“The International Civil Aviation Organization (ICAO) is the governing body that makes official aviation recommendations. It might surprise a lot of pilots that for years, ICAO has recommended that the aviation world move completely to metric units.”
Just above this quote in the article are two side-by-side photos exemplifying the difference between using metric and using Imperial units. The photo on the left (metric) shows a Boeing Dreamliner; the photo on the right (Imperial) shows a Venator class Star Destroyer of the Galactic Empire fleet. 😉
I am interested to know just how prevalent metric signs are in the UK. Are they common or sporadic? Are metric signs becoming more common or is the ARM’s actions against metric signs effective in mopping them up?
On 19 January the ARM boasted that they had changed some metric signs on the Houses of Commons. It’s 15 May 2016 as I write. Are the ARM amended signs still in place?
Metric signs are used all over the place by the private sector. Metric height signs at petrol stations and private car parks can be found everywhere with no imperial conversions. Also, distances to car parks are, more often than not, shown exclusively in metres. They can be found in prominent places where thousands of drivers can see them every day. For example, the image in my article with the “MAX HEADROOM” text with 4.5 metre roundels shown on both sides of the text can be found at Wembley Stadium.
This article shows that the usage of measurement units on British roads has diverged from that elsewhere. The EU PERMITS imperial as well as metric units for UK “road traffic signs, distance and speed measurement”, yet government policy BANS the use of metres for this purpose. Of course, the use of metres for distance on private sector signs aimed at drivers can be found all around the UK. These signs are not classified as road traffic signs and are therefore not subject to government traffic sign regulations.
Ronnie brings up a good point… only here in the UK is the use of metric units on many road signs specifically prohibited, even in the USA metric is permitted and can occasionally be seen – I’ve mentioned before signs on I-5 in California between LA and San Diego where back in 2007 I saw distances shown in “mi” and “km”. I was surprised just a few months ago to see that sign still there, not replaced, not vandalised by some group trying to maintain “Americanism”.
It really is past time the DfT removed these daft restrictions.
So; not necessarily that much money, then? Perhaps it could even stretch to a licence for the Transport Heavy typeface—i.e. the only one authorised in black-on-white TSRGD-compliant signs? Although, one suspects he would still get the x-height(s) and spacing wrong for increased danger/ comic effect :-)!
Yes, roundel diameter(s) notwithstanding. They could save additional money on advance direction and route confirmation signs by moving them closer to the destinations shown and leaving the numbers unaltered, too ;-). We can also further improve on your suggestion for speeding signs: simply leave the existing roundels exactly where they are when changing from imperial miles per hour to km/h (no smiley, serious proposal)… Who needs Philip Hammond when they have us? By this time next year, DFT could be millionaires!
If the private sector can use metric distance signs (with planning permission) and metric-only dimension signs, why not on official traffic signs too.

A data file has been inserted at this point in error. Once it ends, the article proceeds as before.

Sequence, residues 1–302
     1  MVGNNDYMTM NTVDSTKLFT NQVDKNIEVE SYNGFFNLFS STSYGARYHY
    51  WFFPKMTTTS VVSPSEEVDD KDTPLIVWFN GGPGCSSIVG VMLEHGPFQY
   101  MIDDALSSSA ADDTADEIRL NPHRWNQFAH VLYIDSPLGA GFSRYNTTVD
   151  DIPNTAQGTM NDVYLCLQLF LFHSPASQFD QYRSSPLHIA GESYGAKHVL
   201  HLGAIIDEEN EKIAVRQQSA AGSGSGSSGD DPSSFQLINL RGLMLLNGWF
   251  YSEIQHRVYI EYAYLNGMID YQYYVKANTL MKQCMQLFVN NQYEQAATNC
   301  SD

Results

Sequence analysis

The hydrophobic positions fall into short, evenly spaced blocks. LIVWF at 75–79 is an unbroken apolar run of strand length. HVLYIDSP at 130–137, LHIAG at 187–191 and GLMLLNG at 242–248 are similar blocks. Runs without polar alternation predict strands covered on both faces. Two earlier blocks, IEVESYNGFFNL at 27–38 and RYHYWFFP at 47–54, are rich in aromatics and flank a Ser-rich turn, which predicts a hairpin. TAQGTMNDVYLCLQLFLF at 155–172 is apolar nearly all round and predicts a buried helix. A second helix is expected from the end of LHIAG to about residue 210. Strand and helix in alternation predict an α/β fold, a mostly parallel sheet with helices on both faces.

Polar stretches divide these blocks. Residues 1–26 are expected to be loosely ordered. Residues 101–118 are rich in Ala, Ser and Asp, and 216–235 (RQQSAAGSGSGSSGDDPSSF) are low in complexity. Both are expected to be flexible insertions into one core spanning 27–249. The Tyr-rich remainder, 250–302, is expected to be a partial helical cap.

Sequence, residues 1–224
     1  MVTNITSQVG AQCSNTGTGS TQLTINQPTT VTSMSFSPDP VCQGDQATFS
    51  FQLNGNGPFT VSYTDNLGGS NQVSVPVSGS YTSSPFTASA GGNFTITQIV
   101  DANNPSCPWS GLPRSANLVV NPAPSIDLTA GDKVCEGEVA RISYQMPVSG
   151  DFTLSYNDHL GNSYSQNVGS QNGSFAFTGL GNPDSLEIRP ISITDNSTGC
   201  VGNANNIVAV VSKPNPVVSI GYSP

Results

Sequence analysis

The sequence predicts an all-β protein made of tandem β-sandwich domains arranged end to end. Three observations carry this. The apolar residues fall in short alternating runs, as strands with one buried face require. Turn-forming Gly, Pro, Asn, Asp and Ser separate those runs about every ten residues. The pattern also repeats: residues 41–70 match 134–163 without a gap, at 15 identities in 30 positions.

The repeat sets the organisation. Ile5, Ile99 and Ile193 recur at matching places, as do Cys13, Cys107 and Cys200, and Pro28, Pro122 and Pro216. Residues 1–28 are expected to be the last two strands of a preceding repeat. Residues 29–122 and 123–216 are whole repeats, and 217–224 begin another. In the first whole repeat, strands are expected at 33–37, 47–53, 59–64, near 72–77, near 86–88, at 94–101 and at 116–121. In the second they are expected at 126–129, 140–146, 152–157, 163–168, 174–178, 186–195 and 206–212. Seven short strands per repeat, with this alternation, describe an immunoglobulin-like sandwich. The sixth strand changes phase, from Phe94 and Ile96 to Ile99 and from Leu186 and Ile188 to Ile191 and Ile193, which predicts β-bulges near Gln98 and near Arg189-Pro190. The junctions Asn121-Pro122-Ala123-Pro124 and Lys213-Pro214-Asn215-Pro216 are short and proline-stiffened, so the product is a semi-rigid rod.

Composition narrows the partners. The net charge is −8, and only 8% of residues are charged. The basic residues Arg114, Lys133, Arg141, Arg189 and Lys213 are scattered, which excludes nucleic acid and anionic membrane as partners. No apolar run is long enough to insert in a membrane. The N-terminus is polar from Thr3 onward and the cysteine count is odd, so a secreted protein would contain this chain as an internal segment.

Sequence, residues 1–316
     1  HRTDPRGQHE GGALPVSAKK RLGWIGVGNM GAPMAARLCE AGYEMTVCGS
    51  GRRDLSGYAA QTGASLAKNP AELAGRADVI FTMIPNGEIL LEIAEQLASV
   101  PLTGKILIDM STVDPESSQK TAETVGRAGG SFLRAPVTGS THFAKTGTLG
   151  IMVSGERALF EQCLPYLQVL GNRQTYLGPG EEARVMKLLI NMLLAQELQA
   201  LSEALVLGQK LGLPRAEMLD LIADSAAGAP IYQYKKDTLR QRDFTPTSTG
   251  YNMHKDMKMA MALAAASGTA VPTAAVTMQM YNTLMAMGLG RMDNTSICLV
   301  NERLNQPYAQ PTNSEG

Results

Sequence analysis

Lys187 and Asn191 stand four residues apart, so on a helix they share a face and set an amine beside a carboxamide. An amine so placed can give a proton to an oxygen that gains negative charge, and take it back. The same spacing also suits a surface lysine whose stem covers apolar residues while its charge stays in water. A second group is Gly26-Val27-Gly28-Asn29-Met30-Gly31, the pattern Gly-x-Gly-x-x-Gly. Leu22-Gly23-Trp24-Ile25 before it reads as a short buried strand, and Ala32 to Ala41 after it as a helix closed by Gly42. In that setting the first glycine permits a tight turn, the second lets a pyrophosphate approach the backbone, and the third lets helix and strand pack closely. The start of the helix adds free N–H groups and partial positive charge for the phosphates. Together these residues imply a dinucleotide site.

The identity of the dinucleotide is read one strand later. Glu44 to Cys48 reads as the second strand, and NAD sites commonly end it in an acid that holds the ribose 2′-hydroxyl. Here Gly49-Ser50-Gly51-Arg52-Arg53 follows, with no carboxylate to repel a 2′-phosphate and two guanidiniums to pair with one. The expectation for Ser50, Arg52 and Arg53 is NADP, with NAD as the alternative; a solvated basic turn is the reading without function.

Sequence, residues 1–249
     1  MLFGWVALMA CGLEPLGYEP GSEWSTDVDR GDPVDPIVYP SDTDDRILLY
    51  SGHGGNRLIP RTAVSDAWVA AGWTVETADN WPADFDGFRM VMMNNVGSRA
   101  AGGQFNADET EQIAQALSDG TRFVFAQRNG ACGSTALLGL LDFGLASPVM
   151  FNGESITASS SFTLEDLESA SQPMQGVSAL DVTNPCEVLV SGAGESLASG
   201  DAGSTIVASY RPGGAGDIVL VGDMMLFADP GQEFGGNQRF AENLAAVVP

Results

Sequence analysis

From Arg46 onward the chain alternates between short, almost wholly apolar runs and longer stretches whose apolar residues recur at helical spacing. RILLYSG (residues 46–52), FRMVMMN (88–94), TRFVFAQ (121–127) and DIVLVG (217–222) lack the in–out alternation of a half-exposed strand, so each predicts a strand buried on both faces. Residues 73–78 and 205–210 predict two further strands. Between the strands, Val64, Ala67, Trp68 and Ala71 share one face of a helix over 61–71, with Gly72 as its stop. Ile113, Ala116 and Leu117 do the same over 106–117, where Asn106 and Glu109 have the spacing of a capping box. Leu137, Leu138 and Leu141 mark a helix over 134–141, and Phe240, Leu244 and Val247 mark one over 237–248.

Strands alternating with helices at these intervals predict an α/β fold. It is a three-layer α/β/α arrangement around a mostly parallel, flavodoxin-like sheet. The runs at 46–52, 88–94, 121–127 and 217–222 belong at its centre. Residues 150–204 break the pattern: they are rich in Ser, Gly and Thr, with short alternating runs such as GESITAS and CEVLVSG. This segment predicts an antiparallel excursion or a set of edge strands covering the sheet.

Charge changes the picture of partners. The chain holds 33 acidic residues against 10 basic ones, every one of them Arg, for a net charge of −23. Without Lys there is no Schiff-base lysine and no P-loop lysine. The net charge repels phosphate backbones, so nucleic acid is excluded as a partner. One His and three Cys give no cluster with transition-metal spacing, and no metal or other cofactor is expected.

Surely it doesn’t cost anything to amend the TSRGD:
* Authorise metres and kilometres on distance signs, but ban dual unit distance signs.
* Authorise once again metric-only vehicle dimension signs, and metric-only in-cab indicators. Imperial-only is already no longer authorised.
* Ban “m” to abbreviate miles, “m” is the reserved symbol for metres.
* Require the correct symbols when using metric.
Of course the literature will need to be updated – namely the Traffic Signs Manual and anything showing sign examples, but this is really not a big cost.
Ideally the “m” to abbreviate miles should be dealt with first. But in principle, all signs can be replaced at end of life with metric-only versions.
Given the option of metric signs, I don’t think anyone will use imperial signs when they can use metric signs. I wonder if this would actually be true, if metric-only signs were authorised whilst imperial signs were still in use (and dual-unit signs are banned)?
And as for speed limits, they will need a cut-off date, and that does incur a one-off cost, but that is it.
“But in principle, all signs can be replaced at end of life with metric-only versions.”
Not really. Canada and other countries never actually changed signs. They just applied a sticker over the existing sign with a new number. This reduces the cost immensely and you don’t have to wait a long time.
Vandalised signs should be restored to metric at a cost to the vandals.
You would think that with all the money the UK is about to spend on roads they could also convert road signs to metric:
No sign of that happening though (pun intended)
Hammond was the Minister for Transport or whatever that over-turned the metric height and width signs in the first place. Don’t expect too much from him, more likely go back the the man with the red flag.
Philip Hammond is anti-metric. When he ran the DfT he went out of his way to make sure that signs would stay imperial and even resisted dual height/width restriction signs. Now, his successor whose metric views we really don’t know has at least taken the first step. But Hammond’s presence still in government may prevent a full scale metrication of roads or even a partial, by openly allowing metric signs to exit.